“In trying to analogize the cyberthreat to the world of physical warfare, policymakers missed the far more insidious danger that cyber-operations pose: how they erode the trust people place in markets, governments and even national power,” argues Hoover Institution’s Jacquelyn Schneider, in another Foreign Affairs article. “Cyberattacks prey on these weak points, sowing distrust in information, creating confusion and anxiety, and exacerbating hatred and misinformation.”
What’s next: Leaders are calling for much tighter cooperation between businesses and governments as the key way to fighting back. Also needed, many say, is an international agreement on what is and isn’t permissible, in much the way the Geneva Convention sets limits on traditional warfare.
Yes, but: The U.S. government is still woefully short of workers with needed cybersecurity skills.
In an effort to keep certain at-risk accounts even more secure, Facebook is updating its Protect program and will soon force enrolled users to enable two-factor authentication (2FA). These accounts include politicians, human rights activists, journalists, and other high-profile users.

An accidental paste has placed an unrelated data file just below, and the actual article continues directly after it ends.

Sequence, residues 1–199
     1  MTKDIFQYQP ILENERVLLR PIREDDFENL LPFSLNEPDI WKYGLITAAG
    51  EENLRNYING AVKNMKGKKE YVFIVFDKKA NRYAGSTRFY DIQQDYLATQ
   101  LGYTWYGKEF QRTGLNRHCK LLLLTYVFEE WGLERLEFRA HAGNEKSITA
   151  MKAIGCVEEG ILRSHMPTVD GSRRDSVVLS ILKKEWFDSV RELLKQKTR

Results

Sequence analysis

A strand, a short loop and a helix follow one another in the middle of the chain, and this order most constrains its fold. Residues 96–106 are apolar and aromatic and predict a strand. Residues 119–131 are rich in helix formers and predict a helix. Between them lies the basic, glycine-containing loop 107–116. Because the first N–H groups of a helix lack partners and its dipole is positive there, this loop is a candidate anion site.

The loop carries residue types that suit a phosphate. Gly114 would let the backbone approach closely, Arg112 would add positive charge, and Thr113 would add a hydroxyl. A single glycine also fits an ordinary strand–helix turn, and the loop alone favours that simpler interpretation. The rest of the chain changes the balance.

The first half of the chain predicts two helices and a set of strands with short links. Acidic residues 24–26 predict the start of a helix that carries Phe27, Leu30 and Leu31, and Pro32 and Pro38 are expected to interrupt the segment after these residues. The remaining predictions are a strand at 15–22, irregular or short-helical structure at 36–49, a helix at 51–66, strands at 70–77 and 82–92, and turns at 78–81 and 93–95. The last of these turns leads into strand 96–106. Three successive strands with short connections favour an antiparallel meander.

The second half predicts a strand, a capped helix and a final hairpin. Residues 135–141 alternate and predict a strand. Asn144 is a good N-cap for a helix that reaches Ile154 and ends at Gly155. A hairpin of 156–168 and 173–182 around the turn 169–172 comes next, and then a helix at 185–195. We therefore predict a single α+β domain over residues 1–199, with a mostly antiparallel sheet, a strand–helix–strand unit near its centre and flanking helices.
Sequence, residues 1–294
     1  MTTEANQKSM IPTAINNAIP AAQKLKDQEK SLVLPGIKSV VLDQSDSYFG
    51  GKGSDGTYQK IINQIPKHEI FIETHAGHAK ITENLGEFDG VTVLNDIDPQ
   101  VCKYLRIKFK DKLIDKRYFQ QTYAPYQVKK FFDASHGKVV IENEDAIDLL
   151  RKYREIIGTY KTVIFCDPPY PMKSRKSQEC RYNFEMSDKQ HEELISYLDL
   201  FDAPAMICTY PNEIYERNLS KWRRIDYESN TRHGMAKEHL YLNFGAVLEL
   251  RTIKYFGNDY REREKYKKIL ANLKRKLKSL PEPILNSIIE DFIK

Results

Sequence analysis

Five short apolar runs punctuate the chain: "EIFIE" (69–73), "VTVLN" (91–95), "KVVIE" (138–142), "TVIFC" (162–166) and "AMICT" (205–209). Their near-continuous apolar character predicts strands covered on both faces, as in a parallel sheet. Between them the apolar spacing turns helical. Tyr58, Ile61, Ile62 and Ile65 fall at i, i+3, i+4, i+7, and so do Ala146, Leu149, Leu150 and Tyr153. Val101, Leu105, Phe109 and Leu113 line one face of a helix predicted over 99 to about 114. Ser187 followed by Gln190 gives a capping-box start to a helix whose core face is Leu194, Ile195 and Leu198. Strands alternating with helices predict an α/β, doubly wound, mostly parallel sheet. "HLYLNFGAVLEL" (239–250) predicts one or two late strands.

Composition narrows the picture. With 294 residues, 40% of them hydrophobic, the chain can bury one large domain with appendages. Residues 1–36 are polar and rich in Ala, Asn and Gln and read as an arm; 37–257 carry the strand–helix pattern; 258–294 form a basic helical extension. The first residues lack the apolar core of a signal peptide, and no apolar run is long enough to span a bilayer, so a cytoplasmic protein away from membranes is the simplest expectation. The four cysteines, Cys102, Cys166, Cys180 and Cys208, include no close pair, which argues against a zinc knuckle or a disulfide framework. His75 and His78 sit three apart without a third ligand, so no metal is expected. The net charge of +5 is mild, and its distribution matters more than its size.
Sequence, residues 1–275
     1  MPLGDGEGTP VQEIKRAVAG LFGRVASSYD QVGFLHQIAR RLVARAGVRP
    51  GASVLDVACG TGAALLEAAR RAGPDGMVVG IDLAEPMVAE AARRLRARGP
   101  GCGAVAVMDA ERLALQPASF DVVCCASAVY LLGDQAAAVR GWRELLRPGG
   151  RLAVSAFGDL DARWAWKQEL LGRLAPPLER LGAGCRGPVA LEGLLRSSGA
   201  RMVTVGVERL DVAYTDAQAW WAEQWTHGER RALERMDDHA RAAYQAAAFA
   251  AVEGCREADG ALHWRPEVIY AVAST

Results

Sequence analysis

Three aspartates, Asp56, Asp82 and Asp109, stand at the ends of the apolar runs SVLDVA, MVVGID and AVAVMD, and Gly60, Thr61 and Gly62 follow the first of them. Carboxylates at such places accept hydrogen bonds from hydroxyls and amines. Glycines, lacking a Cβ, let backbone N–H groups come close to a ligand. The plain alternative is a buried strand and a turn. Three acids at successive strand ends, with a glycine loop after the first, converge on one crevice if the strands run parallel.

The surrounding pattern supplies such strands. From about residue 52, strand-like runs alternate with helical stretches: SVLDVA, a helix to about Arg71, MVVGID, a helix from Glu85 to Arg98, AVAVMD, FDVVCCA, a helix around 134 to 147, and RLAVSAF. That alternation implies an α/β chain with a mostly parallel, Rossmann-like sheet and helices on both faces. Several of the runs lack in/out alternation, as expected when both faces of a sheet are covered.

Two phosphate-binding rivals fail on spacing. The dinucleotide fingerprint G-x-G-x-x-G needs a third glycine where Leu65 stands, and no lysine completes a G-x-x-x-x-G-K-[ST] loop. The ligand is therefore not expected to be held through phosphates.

After a year filled with massive hacks and lord-knows how many exploits, you’d think we would all learn to be a bit—just a bit!—more cyber-savvy as 2021 comes to a close. But if this year’s list of the 200 most popular passwords is any indication, we’re just as dumb as we’ve ever been. Perhaps even dumber.
As much as 38 percent of the Internet’s domain name lookup servers are vulnerable to a new attack that allows hackers to send victims to maliciously spoofed addresses masquerading as legitimate domains, like bankofamerica.com or gmail.com.
The exploit, unveiled in research presented today, revives the DNS cache-poisoning attack that researcher Dan Kaminsky disclosed in 2008. He showed that, by masquerading as an authoritative DNS server and using it to flood a DNS resolver with fake lookup results for a trusted domain, an attacker could poison the resolver cache with the spoofed IP address. From then on, anyone relying on the same resolver would be diverted to the same imposter site.
A lack of entropy
The sleight of hand worked because DNS at the time relied on a transaction ID to prove the IP number returned came from an authoritative server rather than an imposter server attempting to send people to a malicious site. The transaction number had only 16 bits, which meant that there were only 65,536 possible transaction IDs.